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Formula for relating time and heat gained for closed system

  1. Jun 2, 2015 #1
    This is for work. I need to make a table for a client.
    What we did: had two different closed systems, only difference is material. We had frozen goods in both containers, the containers were both removed from the cooled surroundings they were in and placed outside. The temperatures were taken for both containers every minute.
    What I need is a formula or something to help me create a table that will show a relationship between the outside temperature and the time it takes the temperature inside the system to get to a certain temperature (not yet chosen). I will be making 2 Tables one for each container.
    Please help if you can!
    NOTE: exclude variables like wind, humidity, pressure, being that this table is meant for consumers to see. they do not need exacts.
     
  2. jcsd
  3. Jun 2, 2015 #2

    billy_joule

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    The data you collected has the information you need. Have you plotted the data in excel or sim.? Add a trendline, the formula for that trendline should follow Newtons law of cooling:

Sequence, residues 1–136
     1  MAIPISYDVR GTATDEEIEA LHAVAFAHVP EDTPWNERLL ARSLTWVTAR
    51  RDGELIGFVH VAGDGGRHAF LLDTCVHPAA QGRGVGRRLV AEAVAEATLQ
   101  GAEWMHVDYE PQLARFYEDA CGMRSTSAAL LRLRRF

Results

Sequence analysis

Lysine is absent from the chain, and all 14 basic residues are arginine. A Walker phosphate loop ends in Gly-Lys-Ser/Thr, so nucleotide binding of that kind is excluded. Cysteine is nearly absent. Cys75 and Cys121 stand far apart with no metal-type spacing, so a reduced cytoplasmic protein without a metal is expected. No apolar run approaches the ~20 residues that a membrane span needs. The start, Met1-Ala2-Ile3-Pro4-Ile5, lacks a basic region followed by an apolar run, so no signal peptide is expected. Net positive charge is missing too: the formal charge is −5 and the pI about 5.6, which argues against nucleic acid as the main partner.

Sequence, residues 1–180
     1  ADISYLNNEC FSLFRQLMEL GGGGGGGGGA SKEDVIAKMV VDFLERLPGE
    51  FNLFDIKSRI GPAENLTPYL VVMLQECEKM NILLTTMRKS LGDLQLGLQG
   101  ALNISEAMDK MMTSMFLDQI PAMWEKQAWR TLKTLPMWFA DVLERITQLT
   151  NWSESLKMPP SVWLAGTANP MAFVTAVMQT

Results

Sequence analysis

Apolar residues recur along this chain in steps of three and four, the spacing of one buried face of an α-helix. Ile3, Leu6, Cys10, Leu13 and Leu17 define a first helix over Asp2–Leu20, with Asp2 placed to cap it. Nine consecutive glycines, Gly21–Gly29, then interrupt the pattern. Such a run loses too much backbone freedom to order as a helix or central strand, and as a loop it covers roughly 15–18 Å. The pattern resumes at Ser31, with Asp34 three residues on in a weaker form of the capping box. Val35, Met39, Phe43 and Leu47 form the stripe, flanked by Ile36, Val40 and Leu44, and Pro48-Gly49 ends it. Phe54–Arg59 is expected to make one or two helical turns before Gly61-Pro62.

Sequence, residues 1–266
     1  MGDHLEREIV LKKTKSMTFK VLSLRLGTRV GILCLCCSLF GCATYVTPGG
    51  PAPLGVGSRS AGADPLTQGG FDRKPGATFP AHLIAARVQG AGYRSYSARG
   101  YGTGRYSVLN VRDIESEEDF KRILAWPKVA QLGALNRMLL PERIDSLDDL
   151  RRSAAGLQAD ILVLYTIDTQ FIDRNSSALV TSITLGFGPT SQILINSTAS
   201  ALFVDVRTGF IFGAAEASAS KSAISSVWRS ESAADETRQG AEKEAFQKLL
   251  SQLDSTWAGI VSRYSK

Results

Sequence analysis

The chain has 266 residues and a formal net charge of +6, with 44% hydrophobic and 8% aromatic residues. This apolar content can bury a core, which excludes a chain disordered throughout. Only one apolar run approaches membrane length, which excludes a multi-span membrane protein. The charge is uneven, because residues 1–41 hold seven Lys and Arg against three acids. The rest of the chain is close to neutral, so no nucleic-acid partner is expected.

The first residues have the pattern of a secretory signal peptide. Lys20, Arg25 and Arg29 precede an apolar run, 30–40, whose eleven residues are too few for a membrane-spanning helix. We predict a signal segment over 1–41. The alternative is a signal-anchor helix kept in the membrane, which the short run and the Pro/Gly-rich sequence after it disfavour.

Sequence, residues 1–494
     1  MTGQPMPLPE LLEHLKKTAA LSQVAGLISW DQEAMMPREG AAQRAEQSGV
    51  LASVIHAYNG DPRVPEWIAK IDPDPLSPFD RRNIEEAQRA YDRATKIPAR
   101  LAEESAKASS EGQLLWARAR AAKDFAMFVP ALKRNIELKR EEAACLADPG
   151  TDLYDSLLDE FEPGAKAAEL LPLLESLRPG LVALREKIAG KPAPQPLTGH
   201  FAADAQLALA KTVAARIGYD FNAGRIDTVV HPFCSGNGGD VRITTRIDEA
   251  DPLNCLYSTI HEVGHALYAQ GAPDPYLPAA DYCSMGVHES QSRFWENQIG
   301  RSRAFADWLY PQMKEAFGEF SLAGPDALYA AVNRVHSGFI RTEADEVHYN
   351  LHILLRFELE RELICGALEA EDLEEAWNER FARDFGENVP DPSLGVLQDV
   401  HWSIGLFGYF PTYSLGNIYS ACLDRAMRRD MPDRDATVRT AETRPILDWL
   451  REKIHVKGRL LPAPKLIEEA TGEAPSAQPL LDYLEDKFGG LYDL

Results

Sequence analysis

http://formulas.tutorvista.com/physics/newton-s-law-of-cooling-formula.html
    http://en.wikipedia.org/wiki/Convective_heat_transfer


    Ignoring wind may be a poor assumption, forced convection heat transfer can be orders of magnitude greater than natural convection heat transfer (that's why we blow on hot food and cars have radiator fans etc)
     
  4. Jun 2, 2015 #3
    Thank you sir, I appreciate it! And yes i agree, but it would leave me with too much variability to make a chart I think. What do you say?
     
  5. Jun 2, 2015 #4

    billy_joule

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    Explain 'too much variability'.
    If your data is poor then anything you glean from it will also be poor.
     
  6. Jun 2, 2015 #5
    The goal is for consumers to see the comparison of our product to their current product. Since the conditions were exact for the two systems (held at same time/place) i feel it should be alright to assume fair conditions.

    By too much variability I mean is there would be sooo much extra data that would almost be considered irrelevant from a consumer perspective. Your thoughts?
     
  7. Jun 2, 2015 #6

    billy_joule

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    I don't understand what you're saying.
    It's up to you to decide what data to give the consumer. Give them as much as you see fit.
    I think simply graphing what you have will be fine. The consumer will see your new product warms up slower than the current.
    Like this:
    CoolingFull.png

    (obviously, your products are increasing temp rather than cooling)
     
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